More U-verse backlash comes as officials argue the definition of permission

Phil Harvey, Editor-in-Chief

July 14, 2008

3 Min Read
Informed Consent

1:00 PM -- Officials in Connecticut are going at it again with AT&T over the issue of whether residents really want AT&T's video-ready access devices (VRADs) dangling off the telephone poles in their fair cities. And as big a migraine as it must give AT&T to argue with local municipalities, I can't say I blame the Connecticut Yankees for their persistence this time around. (See More Pole Positioning and Pole Position.)

The pole-mounted VRAD boxes, required equipment to deliver AT&T's U-verse service, which is splendid, are usually between knee and head height. They weight a lot. (The VRADs, not the Connecticut residents. That I know of.) They're said to block sidewalks and the view of drivers and pedestrians trying to negotiate those hard, mean streets of, say, Danbury or Bridgeport.

What various city officials in Connecticut want to know now is: How informed need someone be when they give their permission -- their informed consent -- to AT&T so it could proceed in putting up these monstrosities all over the Mystic Country?

A recent filing with the Connecticut Department of Utility Control (DPUC) asks the agency to clarify two of its rulings, one of which seems to require AT&T to get "informed" consent from residents nearby its VRADs. The other ruling asks AT&T to get informed consent from adjoining property owners "where V-RAD boxes have already been installed and where such consent was contested."

Were the people contesting their (apparently previously granted) consent truly informed of what was happening to their neighborhoods, properties, etc.?

Did AT&T really explain what it was doing, or did it just tickle everyone's fanny with some blue-sky chatter about competition, freedom, motherhood, and apple pie?

Is it any wonder -- as this story notes -- that some consumers don't trust that AT&T's gear is safe, given how slowly and defensively it acted on the problems it was having with its VRAD equipment?

Think about it: We first covered the DSLAM explosions in Houston in November 2006. In August 2007, AT&T said there were no problems with its gear, that the VRAD explosions were said to be an isolated incident, and that the "battery design was sound." Then, only after significant public pressure and a slew of embarrassing photos and press reports were published, did the company announce it would begin replacing the faulty batteries in its VRAD cabinets. That announcement came in January 2008.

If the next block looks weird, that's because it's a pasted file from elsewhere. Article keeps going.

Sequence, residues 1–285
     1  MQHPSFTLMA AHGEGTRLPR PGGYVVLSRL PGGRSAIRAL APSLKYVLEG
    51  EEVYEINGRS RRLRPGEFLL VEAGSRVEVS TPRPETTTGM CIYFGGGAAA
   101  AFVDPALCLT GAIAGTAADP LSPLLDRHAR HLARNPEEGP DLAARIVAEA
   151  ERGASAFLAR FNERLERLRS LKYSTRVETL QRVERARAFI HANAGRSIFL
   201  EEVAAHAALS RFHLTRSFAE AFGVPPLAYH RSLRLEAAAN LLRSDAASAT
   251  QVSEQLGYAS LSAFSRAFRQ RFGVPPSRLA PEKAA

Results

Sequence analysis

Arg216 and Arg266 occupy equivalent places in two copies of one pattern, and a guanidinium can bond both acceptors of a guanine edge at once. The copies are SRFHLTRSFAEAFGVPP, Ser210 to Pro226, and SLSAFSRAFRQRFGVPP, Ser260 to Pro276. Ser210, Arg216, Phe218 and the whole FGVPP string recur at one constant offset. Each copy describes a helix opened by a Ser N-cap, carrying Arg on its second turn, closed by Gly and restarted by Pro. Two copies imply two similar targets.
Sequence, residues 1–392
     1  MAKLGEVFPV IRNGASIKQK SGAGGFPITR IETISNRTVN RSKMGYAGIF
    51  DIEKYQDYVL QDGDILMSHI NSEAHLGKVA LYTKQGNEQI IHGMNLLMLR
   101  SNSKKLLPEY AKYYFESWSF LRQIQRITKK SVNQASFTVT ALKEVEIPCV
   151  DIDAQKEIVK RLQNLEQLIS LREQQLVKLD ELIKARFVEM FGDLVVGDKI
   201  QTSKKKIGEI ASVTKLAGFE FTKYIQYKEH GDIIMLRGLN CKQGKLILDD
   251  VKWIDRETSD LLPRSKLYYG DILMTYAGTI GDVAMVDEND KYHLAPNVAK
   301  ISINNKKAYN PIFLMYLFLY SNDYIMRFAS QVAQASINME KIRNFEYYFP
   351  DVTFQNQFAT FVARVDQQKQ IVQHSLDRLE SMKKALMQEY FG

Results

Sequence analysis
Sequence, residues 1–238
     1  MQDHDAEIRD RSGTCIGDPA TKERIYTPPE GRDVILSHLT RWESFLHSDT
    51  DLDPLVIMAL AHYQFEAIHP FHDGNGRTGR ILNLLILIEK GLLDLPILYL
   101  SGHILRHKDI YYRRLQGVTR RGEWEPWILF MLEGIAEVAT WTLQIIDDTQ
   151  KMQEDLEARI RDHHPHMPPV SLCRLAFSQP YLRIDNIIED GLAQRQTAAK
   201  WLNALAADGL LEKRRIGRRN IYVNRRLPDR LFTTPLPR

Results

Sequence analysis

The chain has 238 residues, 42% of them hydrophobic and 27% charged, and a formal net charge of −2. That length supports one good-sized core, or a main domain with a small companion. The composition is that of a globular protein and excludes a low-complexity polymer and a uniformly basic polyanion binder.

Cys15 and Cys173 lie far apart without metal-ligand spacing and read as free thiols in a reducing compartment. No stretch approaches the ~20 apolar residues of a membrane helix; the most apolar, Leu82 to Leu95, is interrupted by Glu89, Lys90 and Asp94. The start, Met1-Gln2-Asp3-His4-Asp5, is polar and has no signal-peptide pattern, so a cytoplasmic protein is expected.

Look, I really like my U-verse service. And I like the potential IPTV technology offers, on the whole. But look at the position AT&T has put itself in:

Here's a company gave us some good reasons why we should ALWAYS question it thoroughly in matters of public safety. Following that, it gave reasons as to why we should be increasingly skeptical when it wants to bury the bad news and insist that all is well.

So, really, should we be surprised that consumers are going to raise hackles when U-verse comes to town?

Should it shock us that there will be consumers that give their permission for U-verse upgrades near their homes, then go online, review the events of the last few years and change their minds?

AT&T should not mistake marketing and advertising for education and public relations. The issue here continues to be one of perceived public safety. More mailings, more commercials, and muscling up on municipalities with lawyers and lobbyists is not going to sway a homeowner who, in certain proximity to a pole-mounted VRAD, secretly wonders if he should be dressed for battle when he goes out for the morning papers.

— Phil Harvey, Editor, Light Reading

About the Author(s)

Phil Harvey

Editor-in-Chief, Light Reading

Phil Harvey has been a Light Reading writer and editor for more than 18 years combined. He began his second tour as the site's chief editor in April 2020.

His interest in speed and scale means he often covers optical networking and the foundational technologies powering the modern Internet.

Harvey covered networking, Internet infrastructure and dot-com mania in the late 90s for Silicon Valley magazines like UPSIDE and Red Herring before joining Light Reading (for the first time) in late 2000.

After moving to the Republic of Texas, Harvey spent eight years as a contributing tech writer for D CEO magazine, producing columns about tech advances in everything from supercomputing to cellphone recycling.

Harvey is an avid photographer and camera collector – if you accept that compulsive shopping and "collecting" are the same.

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